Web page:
‘This particular rector election cycle has been nothing short of colourful’ says SRC President Ameer Ibrahim, introducing the evening’s proceedings, and he’s not wrong; beginning back in January when we found out no candidates had been nominated, the re-opened nominations saw two globally controversial figures – right-wing pundit and vocal Trump supporter Milo Yiannopoulos, and Canadian psychology professor Jordan Peterson, who came under fire recently for his refusal to use gender-neutral pronouns when referring to students and staff. Other big names include ex-Liberal Democrat MP Vince Cable, prominent human rights lawyer Aamer Anwar, and Lady Cosgrove, the first female senator of the College of Justice, along with anti-ISIS YPG fighter Brace Belden and four recent Glasgow University graduates.
Milo Yiannopoulos, after much campus speculation, did not turn up in person for hustings, and his team chose not to send a representative. Instead they offered an online Q&A with Yiannopoulos tomorrow evening, presumably as Milo’s anonymous supporters suspect they will fare better on their home turf of the internet. The role of Most Controversial Candidate was then passed to the also-absent Jordan Peterson whose representative made many eye-catching statements, among them that the University’s ‘full stop’ anti-bullying campaign was ‘expensive and a bit silly’, and the mistaken remark that Glasgow University is in England, corrected to ‘Great Britain’, then finally ‘Scotland’, before the representative passed the mic amid astonishment from the audience.
Only four candidates represented themselves in person; Aamer Anwar, Vince Cable, Jonathan Tease and Duncan Logie. All others, aside from Yiannopoulos, sent representatives on their behalf.
Hustings opened with three minute statements from each of the candidates or their representatives, detailing their main manifesto points and broad policy ams if elected. Aamer Anwar was first to speak, and gave a stirring speech about his time at University, including a violent incident of his wrongful arrest when flyering on campus, and emphasised his ability to fight for the interests of students. Vince Cable focused on his role as a former lecturer at Glasgow University and his connections to the institution, as well as his experience as former secretary of state. The representative for Brace Belden gave a statement defending their decision to put forward another absentee rector (one who was ‘fighting in Syria, and otherwise occupied) by emphasising the importance of grassroots-level organisation among students and the strong anti-fascist message Belden’s election would send worldwide. The representative for Lady Cosgrove emphasised her role as a trailblazer for gender equality, the representative for Professor Peterson emphasised free speech on campus, and Jonathan Tease told us about a time he shat himself.
Questions from Ameer were then posed to all the candidates, before opening discussion up to questions from the floor. The representative for Belden chose not to stay to take questions.
The relationship between university management and the student body was a common theme throughout the hustings, particularly the disparity between increasing wages for some senior staff members while funding for student services and unions is being cut. Aamer Anwar was particularly vocal on this subject, remarking that ‘It’s about time the students and the university were an equal partnership’, and particularly singling out principal Anton Muscatelli’s recent pay rise and expenses scandal, saying £10000 for suicide prevention when Muscatelli is staying in the Ritz Carlton is not good enough.‘ Vince Cable responded to this by saying that the salaries of top staff do not represent a large portion of the University’s budget, and that he would work with all departments to see where money could be saved. Cable came under fire throughout the hustings, particularly from recent graduate Jonathan Tease, for his role in the 2010 tuition fee increase, which Cable described as a ‘graduate tax’ but Tease referred to as a ‘graduate debt.’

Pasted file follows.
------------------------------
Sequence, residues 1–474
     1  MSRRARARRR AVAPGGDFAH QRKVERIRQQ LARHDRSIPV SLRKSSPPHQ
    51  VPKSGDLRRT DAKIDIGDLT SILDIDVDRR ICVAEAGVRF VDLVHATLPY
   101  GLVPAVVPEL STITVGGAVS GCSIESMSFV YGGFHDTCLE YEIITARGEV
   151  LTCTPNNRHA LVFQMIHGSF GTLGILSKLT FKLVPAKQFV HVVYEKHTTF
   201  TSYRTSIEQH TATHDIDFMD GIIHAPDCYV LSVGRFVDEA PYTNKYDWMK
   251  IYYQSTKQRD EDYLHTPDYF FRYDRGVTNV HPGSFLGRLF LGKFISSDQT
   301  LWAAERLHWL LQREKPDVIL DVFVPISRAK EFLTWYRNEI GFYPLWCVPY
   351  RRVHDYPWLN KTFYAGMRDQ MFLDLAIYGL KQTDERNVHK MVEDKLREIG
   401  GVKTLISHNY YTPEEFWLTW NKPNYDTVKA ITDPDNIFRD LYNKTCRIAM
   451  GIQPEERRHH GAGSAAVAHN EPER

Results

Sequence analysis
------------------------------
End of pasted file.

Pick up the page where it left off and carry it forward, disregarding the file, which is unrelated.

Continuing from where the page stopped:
There was also controversy surrounding Lady Cosgrove’s role as an honorary patron of JNF UK, who have been accused links to the illegal occupation of Palestinian Land in Israel. In response to this, the representative for Lady Cosgrove, Erin Ross, read a statement from Cosgrove issued earlier this week stating that JNF UK are an apolitical organisation unconnected with the state of Israel (JNF UK did split from the JNF in 1999).
Overall, it was a disappointment that only four of the ten candidates showed up in person. While all the representatives were very capable, there were some questions on candidates’ views of affiliations that representatives were inevitably unable to answer, and students were unable to see how the rector candidates themselves would perform in public speaking roles such as the Fresher’s Address. Many of the recent graduates seemed surprisingly adept and well-informed as to what the rector ship involved, particularly Jonathan Tease, whose clashes with Vince Cable seemed to earn the respect of the audience. Anwar, always an impressive public speaker, gave the most rousing speeches of this night, and seems the most committed both to winning the election and fulfilling his promises as rector. In an election that has grabbed headlines with the presence of right-wing reactionaries, the progressive, compassionate, student-focused outlook seemed to be winning among the crowd.